Recently at the end of 2019, Wuhan an emerging business hub of China experienced an outbreak of a novel coronavirus that killed more than eighteen hundred and infected over seventy thousand individuals within the first fifty days of the epidemic. This virus was reported to be a member of the β group of coronaviruses. The novel virus was named as Wuhan coronavirus or 2019 novel coronavirus (2019-nCov) by the Chinese researchers. The International Committee on Taxonomy of Viruses (ICTV) named the virus as SARS-CoV-2 and the disease as COVID-19,,. In the history, SRAS-CoV (2003) infected 8098 individuals with mortality rate of 9%, across 26 contries in the world, on the other hand, novel corona virus (2019) infected 120,000 induviduals with mortality rate of 2.9%, across 109 countries, till date of this writing. It shows that the transmission rate of SARS-CoV-2 is higher than SRAS-CoV and the reason could be genetic recombination event at S protein in the RBD region of SARS-CoV-2 may have enhanced its transmission ability. In this review article, we discuss the origination of human coronaviruses briefly. We further discuss the associated infectiousness and biological features of SARS and MERS with a special focus on COVID-19.
Both SARS-CoV and MERS-CoV are emerging zoonotic pathogens that crossed the species barriers to infect humans [10, 53, 99]. Evidence showed that SARS-CoV and MERS-CoV originated from bats, the nature reservoirs, then transmitted to human via intermediate hosts civets and camels, respectively [10, 40, 53, 81, 100]. Human SARS-CoV infection originated from the direct contact between humans and civets in markets or restaurants. Closing wet markets and cleaning civet cut off the spread chain of SARS-CoV and effectively ended the SARS epidemic [40, 42, 101]. In contrast, MERS-CoV is believed to have existed in camels for a very long time and camels are widely distributed in Middle East and African countries, serving as important transport vectors and sources of meat and milk for the local population. Therefore, it is difficult to adopt the same strategy of SARS-CoV control in the prevention of future MERS-CoV outbreaks. Until a comprehensive approach is found, which most likely will involve the effective vaccination of camels against MERS-CoV among other measures, it is envisaged that sporadic human infection will persist for some time in the future [11, 70].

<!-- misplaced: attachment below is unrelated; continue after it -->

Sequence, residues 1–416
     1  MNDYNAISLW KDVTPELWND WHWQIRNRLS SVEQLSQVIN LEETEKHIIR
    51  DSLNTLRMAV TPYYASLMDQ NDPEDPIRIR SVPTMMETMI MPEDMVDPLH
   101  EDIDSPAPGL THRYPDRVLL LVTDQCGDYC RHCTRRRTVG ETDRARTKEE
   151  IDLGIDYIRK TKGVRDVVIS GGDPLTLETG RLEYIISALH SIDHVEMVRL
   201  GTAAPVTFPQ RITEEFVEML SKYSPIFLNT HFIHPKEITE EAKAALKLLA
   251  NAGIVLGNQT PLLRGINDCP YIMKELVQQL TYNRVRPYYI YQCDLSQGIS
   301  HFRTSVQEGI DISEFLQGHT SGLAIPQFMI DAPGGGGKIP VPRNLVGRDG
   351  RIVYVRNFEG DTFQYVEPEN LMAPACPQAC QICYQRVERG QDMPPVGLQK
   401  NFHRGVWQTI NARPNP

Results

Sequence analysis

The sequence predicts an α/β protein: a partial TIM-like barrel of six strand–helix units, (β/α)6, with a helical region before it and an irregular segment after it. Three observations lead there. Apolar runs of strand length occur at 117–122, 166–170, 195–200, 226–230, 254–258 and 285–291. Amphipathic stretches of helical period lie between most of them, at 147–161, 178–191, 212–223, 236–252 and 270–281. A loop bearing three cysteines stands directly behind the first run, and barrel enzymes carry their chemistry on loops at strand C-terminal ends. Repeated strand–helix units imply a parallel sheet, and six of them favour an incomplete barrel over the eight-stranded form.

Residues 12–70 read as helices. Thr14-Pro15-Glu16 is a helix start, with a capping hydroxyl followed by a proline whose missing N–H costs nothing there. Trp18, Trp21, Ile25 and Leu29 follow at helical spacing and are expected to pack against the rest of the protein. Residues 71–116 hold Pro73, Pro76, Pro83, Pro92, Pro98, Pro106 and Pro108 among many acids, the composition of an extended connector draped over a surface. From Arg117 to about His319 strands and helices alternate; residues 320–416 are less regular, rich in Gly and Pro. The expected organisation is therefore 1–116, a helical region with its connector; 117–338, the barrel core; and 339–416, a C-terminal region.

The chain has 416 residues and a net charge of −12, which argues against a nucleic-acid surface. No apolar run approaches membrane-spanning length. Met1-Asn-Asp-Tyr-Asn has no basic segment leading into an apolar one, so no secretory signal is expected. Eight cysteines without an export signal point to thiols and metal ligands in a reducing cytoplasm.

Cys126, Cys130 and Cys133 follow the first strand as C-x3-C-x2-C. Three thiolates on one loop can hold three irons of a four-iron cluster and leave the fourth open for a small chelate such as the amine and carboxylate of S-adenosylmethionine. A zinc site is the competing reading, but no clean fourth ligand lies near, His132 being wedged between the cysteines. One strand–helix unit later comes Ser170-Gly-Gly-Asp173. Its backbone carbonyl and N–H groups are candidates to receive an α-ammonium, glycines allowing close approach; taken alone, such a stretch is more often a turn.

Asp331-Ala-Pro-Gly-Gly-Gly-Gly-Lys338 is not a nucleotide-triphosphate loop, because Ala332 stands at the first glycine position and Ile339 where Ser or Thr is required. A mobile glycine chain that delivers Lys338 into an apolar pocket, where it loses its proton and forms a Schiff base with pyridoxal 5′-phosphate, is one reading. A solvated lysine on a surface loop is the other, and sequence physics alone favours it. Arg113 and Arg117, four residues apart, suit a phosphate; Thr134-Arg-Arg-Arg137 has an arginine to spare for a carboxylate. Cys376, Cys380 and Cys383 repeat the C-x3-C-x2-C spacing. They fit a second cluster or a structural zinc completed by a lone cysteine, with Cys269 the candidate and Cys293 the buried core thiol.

SARS, also known as “atypical pneumonia”, was the first well documented HCoV-caused pandemic in human history and the etiological agent is SARS-CoV, the third HCoV discovered 14,15. The first case of SARS can be traced back to late 2002 in Guangdong Province of China. The SARS epidemic resulted in 8,096 reported cases with 774 deaths, spreading across many countries and continents. Apart from the super-spreaders, it was estimated that each case could give rise to approximately two secondary cases, with an incubation period of 4 to 7 days and the peak of viral load appearing on the 10th day of illness 14,15.
Patients infected with SARS-CoV initially present with myalgia, headache, fever, malaise and chills, followed by dyspnea, cough and respiratory distress as late symptoms 14,15. Lymphopenia, deranged liver function tests, and elevated creatine kinase are common laboratory abnormalities of SARS 14,15. Diffuse alveolar damage, epithelial cell proliferation and an increase of macrophages are also observed in SARS patients 31. Approximately 20-30% of patients subsequently require intensive care and mechanical ventilation. In addition to lower respiratory tract, multiple organs including gastrointestinal tract, liver and kidney can also be infected in these severe cases, usually accompanied with a cytokine storm, which might be lethal particularly in immunocompromised patients. The virus was first isolated from the open lung biopsy of a relative of the index patient who travelled to Hong Kong from Guangzhou 14,15. Since then, tremendous efforts have been dedicated to HCoV research.
The first HCoV-229E strain was isolated from the respiratory tract of patients with upper respiratory tract infection in the year of 1966 27, and was subsequently adapted to grow in WI-38 lung cell lines 28. Patients infected with HCoV-229E presented with common cold symptoms, including headache, sneezing, malaise and sore-throat, with fever and cough seen in 10~20% cases 29. Later in 1967, HCoV-OC43 was isolated from organ culture and subsequent serial passage in brains of suckling mice 28. The clinical features of HCoV-OC43 infection appear to be similar to those caused by HCoV-229E, which are symptomatically indistinguishable from infection with other respiratory tract pathogens such as influenza A viruses and rhinoviruses 28.
Both HCoV-229E and HCoV-OC43 are distributed globally, and they tend to be predominantly transmitted during the season of winter in temperate climate 2. Generally, the incubation time of these two viruses is less than one week, followed by an approximately 2-week illness 28. According to a human volunteer study, healthy individuals infected with HCoV-229E developed mild common cold 30. Only a few immunocompromised patients exhibited severe lower respiratory tract infection.
Severe acute respiratory syndrome coronavirus (SARS-CoV) emerged in 2002 and 2003, resulting in about 8,000 human infections with an 11% case fatality rate. SARS-CoV is a zoonotic pathogen that originated from bats and either entered the human population directly and/or cycled through palm civets and raccoon dogs as intermediate hosts,. Advanced age was significantly associated with increased SARS-related pathogenicity and deaths due to rapidly progressive respiratory compromise (acute respiratory distress syndrome [ARDS]),.